Mary holding the devil and flogging him, while the devil vomits up Theophilus’ charter, MS Yates Thompson 13, fol. 160r., 1310-1320.  Click for the original at the British Library.

You can also see Mary’s power over the devil on display in the popular medieval legend of Theophilus. This legend dates back to the sixth century, and the basic story provided the framework for the Faust legend: a cleric named Theophilus makes a pact with the devil and renounced Christ and Mary in a contract written in his own blood. Recognizing the error of his ways, Theophilus sought Mary’s aid to overturn the agreement. Mary tore up the contract, and saved Theophilus’s soul.

This legend was retold with many variations numerous times. In many of the medieval retellings of this legend, Mary does not just condemn the devil with her words, but issues corporal punishments that reinforce her authority. In his twelfth-century Marian miracle collection, William of Malmesbury wrote that Mary beat the devil with a stick,

redoubling her blows and making them sharper with words, ‘Take that, and go away. I warn you and order you not to harass my monk any more. If you dare to do so, you will suffer worse.’

In other cases, Mary is imagined skillfully debating with the devil. In the late thirteenth/early fourteenth-century Gesta Romanorum, Mary commands the devil to release a woman from his clutches: “You devil, are a most wicked thief.” The fourteenth-century Queen Mary Psalter offers an illustrated version of this story. While the devil attempts to debate with her, Mary is the commanding figure, who raises her hand as if to dismiss him. Mary’s imposing authority ultimately triumphs.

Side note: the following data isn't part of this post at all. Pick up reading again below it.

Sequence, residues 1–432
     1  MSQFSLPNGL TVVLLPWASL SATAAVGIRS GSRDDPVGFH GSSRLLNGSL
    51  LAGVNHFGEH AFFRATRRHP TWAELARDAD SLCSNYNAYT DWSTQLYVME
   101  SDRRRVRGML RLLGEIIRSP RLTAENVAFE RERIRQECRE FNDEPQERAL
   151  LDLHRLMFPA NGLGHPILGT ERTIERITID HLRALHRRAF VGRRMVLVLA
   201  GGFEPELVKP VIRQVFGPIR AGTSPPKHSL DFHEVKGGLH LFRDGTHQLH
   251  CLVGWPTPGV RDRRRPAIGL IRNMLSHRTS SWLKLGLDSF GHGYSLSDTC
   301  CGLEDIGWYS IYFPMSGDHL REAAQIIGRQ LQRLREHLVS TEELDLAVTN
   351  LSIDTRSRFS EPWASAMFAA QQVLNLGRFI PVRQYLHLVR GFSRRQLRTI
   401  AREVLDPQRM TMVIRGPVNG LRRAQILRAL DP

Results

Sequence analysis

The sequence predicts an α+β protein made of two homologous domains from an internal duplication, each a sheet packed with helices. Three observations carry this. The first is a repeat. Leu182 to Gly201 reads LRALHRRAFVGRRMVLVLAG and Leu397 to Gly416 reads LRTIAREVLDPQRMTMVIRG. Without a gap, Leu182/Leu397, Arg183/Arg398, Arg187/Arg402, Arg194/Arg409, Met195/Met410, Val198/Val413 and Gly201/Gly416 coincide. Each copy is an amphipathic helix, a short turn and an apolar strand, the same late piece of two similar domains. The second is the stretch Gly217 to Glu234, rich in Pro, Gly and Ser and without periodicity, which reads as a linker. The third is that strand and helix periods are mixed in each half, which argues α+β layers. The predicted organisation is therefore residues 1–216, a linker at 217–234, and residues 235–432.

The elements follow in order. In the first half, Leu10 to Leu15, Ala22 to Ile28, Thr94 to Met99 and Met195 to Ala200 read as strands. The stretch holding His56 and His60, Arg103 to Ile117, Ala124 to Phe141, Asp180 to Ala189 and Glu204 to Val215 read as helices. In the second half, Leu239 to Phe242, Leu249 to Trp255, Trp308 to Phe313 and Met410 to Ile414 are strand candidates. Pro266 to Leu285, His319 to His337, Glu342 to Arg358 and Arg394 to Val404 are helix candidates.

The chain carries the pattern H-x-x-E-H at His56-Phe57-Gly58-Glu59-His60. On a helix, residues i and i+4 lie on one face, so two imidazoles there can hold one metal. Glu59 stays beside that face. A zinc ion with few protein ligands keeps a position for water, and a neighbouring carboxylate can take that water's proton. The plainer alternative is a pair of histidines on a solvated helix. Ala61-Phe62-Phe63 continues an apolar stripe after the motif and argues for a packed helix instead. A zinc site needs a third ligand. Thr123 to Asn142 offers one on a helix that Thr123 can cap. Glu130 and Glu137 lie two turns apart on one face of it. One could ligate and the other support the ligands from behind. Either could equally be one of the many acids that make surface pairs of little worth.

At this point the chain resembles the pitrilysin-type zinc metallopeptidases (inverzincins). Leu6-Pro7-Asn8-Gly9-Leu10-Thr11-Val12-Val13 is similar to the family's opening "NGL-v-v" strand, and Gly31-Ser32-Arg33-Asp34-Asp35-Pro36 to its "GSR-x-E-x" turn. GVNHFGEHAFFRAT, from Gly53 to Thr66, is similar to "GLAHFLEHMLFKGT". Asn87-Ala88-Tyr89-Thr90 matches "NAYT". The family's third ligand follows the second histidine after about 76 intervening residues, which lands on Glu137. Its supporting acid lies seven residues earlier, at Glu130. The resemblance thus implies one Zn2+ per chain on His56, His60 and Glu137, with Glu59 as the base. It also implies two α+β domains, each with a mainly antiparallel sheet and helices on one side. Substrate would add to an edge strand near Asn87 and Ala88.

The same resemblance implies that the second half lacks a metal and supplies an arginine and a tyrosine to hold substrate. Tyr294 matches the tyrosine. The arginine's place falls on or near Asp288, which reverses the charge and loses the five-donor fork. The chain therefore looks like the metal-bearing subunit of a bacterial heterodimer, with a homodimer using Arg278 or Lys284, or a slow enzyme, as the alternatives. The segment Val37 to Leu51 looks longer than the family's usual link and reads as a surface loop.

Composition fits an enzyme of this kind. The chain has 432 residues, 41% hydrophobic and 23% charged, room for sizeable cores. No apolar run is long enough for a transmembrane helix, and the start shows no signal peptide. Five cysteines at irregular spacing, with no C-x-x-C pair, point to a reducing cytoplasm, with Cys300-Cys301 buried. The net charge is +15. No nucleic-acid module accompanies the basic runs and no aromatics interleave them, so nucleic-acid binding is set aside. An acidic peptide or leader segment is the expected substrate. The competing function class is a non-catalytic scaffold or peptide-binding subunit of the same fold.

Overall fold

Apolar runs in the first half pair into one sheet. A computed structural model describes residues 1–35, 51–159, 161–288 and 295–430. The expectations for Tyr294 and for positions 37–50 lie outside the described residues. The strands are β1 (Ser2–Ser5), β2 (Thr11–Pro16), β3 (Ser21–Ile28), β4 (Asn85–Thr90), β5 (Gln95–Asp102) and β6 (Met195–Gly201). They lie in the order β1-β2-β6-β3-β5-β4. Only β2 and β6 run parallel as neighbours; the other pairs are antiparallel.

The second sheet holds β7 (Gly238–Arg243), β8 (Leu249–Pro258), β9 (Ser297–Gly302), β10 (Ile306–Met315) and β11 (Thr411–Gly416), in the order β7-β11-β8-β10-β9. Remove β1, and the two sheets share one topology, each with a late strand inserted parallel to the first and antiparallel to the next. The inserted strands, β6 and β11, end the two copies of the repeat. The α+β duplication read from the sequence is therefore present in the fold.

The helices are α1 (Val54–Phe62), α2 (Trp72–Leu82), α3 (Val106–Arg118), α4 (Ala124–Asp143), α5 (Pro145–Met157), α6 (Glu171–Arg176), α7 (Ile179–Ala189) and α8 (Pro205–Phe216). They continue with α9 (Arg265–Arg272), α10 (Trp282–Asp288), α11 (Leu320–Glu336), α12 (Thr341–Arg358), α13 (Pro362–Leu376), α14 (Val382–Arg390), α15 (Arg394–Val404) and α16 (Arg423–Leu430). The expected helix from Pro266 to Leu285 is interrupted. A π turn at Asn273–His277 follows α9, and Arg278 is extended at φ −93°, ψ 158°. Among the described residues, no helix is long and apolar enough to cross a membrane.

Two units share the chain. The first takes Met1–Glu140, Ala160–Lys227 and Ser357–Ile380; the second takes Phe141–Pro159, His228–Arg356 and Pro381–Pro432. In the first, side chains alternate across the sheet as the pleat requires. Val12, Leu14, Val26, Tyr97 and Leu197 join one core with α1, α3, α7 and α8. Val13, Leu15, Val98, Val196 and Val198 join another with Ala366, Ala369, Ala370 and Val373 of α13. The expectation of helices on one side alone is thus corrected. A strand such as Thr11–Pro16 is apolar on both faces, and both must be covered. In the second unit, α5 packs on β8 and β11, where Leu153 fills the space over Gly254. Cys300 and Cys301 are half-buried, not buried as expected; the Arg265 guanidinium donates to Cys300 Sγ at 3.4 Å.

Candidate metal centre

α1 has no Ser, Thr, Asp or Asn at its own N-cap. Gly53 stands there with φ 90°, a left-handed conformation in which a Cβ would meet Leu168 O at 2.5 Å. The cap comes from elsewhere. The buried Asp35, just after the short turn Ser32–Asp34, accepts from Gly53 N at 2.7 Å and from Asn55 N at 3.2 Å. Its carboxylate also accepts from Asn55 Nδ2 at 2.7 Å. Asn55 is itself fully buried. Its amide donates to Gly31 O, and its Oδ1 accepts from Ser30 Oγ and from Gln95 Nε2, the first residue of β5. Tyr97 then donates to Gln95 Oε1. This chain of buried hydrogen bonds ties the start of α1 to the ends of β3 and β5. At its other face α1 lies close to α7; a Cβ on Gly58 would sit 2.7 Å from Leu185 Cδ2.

Mary forcing the Devil to return the contract of Theophilus, BL Royal 2 B VII f. 205 , 1310-1320. Click for the original at the British Library.

Medieval narratives also addressed the ways in which the devil reacts to the displays of Mary’s power. In response to Mary’s appearance in hell, the devil (in the version of the Theophilus legend found in the South English Legendary written around 1290) refers to Mary as his “worst enemy.” Enraged, the devil continues his tirade against Mary exclaiming, “You overpower us all! Alas that you ever existed!” Maintaining her composure, Mary banishes the devil: “I command that you go away, that you never come near this man to shame him again.”

The Virgin Mary did not always act as the “Mother of Mercy.” At times, medieval authors envisioned her speaking harshly to urge Christians to change their behavior. This assertive persona was so striking that, in his collection of Marian miracles, Caesarius of Heisterbach noted that “She spoke to him [a priest] severely” and threatened, “I will take away from you the use of your tongue.”` Medieval society sought to silence women. But Mary was thought to have enough power to turn the tables.